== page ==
The U.S. Senate plans to advance legislation to restore penalties on ZTE Corp., after President Donald Trump drew sharp criticism for easing restrictions to get the Chinese company back in business.
The Senate is voting late Monday to start debate on the defense authorization bill for fiscal 2019, and Senators said the ZTE measure has been included.
“Great news! Our bipartisan amendment restoring penalties on #ZTE is included in the #NDAA bill the Senate will be advancing to later this evening,” Senator Marco Rubio said in a Twitter post.
Rubio, a Republican from Florida, is co-sponsor of the amendment, with Senators Chris Van Hollen, a Democrat from Maryland, and Tom Cotton, a Republican from Arkansas.
Commerce Secretary Wilbur Ross last week announced the U.S. reached a deal with ZTE that includes a record fine, changes to the company’s board and management and U.S. compliance officers.
The U.S. blocked ZTE’s access to U.S. suppliers in April, saying the company violated a 2017 sanctions settlement related to trading with Iran and North Korea and then lied about the violations. The telecommunications company announced it was shutting down just weeks after the ban was announced.
Trump has said he reviewed the penalties as a personal favor to Chinese President Xi Jinping. Lifting the sales ban on ZTE was a key demand China made in the broader trade talks with the U.S. to avert a trade war between the world’s two-largest economies.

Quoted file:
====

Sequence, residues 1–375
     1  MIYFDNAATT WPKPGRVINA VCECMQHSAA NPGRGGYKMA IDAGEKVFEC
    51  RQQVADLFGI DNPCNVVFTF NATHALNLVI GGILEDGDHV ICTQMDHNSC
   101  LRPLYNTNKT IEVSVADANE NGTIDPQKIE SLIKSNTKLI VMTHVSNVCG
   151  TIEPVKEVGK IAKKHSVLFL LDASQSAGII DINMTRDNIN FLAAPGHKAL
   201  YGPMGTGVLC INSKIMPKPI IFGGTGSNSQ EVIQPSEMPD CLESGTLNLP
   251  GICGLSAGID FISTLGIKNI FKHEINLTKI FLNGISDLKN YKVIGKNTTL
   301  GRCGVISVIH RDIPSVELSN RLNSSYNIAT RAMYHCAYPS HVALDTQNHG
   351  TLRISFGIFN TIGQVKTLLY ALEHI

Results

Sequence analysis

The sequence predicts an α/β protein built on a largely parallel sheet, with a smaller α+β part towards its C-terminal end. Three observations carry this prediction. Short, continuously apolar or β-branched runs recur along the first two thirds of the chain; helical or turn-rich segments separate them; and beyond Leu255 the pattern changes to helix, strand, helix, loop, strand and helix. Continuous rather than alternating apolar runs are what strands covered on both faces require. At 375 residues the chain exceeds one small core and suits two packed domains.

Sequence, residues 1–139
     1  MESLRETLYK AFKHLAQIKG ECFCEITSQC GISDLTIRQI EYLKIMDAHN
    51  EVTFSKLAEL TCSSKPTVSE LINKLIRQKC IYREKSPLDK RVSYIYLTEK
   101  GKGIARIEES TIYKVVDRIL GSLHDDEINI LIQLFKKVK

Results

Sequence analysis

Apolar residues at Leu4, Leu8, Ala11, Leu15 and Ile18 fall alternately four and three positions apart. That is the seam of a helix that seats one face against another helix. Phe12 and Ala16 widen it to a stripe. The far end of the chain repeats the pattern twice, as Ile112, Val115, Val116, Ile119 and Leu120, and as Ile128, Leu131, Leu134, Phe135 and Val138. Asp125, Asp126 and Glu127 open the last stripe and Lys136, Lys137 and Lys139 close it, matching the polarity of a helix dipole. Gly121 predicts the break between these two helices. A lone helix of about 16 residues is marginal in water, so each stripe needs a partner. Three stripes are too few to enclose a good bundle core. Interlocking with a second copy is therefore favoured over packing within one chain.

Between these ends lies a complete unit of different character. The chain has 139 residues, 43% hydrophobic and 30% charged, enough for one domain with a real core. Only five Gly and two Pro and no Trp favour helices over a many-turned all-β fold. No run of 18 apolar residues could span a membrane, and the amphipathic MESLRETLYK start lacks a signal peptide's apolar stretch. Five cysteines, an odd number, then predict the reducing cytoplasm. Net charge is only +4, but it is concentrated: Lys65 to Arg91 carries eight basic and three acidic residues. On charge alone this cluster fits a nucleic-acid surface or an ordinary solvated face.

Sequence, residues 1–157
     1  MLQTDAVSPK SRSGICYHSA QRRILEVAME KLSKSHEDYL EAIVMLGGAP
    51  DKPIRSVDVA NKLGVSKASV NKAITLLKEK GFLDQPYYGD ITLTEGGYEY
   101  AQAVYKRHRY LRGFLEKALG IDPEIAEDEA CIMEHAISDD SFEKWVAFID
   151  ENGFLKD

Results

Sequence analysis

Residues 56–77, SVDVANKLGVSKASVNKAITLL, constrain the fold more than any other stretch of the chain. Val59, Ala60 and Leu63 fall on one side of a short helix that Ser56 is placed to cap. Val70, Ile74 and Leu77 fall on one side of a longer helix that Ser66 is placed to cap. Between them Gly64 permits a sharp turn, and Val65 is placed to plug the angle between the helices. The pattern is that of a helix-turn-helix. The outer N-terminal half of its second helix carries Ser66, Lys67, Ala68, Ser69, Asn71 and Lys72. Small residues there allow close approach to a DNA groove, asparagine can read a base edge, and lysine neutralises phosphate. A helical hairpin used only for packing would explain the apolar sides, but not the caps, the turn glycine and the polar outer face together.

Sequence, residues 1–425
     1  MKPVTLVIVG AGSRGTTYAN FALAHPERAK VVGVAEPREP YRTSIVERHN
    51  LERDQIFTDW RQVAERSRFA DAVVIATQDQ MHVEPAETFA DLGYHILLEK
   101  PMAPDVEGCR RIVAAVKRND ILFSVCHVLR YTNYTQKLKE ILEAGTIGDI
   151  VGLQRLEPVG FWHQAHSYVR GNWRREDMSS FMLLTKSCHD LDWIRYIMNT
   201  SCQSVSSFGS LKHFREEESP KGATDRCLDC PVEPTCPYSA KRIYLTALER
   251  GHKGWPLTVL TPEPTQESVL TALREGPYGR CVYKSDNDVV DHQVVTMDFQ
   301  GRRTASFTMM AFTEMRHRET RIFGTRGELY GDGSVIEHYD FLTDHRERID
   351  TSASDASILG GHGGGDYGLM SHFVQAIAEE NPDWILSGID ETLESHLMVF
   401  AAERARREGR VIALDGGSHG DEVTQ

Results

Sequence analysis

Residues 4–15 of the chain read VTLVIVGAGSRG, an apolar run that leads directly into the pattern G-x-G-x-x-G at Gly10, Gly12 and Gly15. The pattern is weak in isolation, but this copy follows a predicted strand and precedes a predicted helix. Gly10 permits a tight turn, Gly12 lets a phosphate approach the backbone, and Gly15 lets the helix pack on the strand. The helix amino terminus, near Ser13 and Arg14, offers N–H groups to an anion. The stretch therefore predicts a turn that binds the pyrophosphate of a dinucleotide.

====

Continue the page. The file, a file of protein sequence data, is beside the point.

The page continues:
The deal has sparked bipartisan pushback, with many lawmakers citing national security as their main concern.
White House trade adviser Peter Navarro on Sunday likened the deal to “three strikes you’re out,” referring to two prior violations ZTE committed under the sanctions agreement with the U.S.
Ross was planning to brief senators on the ZTE deal Monday, Senate Majority Whip John Cornyn said.
Van Hollen said the move is a very good sign for stopping the ZTE deal. “What you are seeing is a bipartisan reaction against letting ZTE off the hook” he said.
The quick action to stop Trump from rolling back the ZTE penalties shows the seriousness of the issue, Senator Minority Leader Chuck Schumer said in a statement.
“The fact that a bipartisan group of senators came together this quickly is a testament to how bad the Trump administration’s ZTE deal is and how we will not shy away from holding the president’s feet to the fire when it comes to keeping his promise to be tough on China,” Schumer said.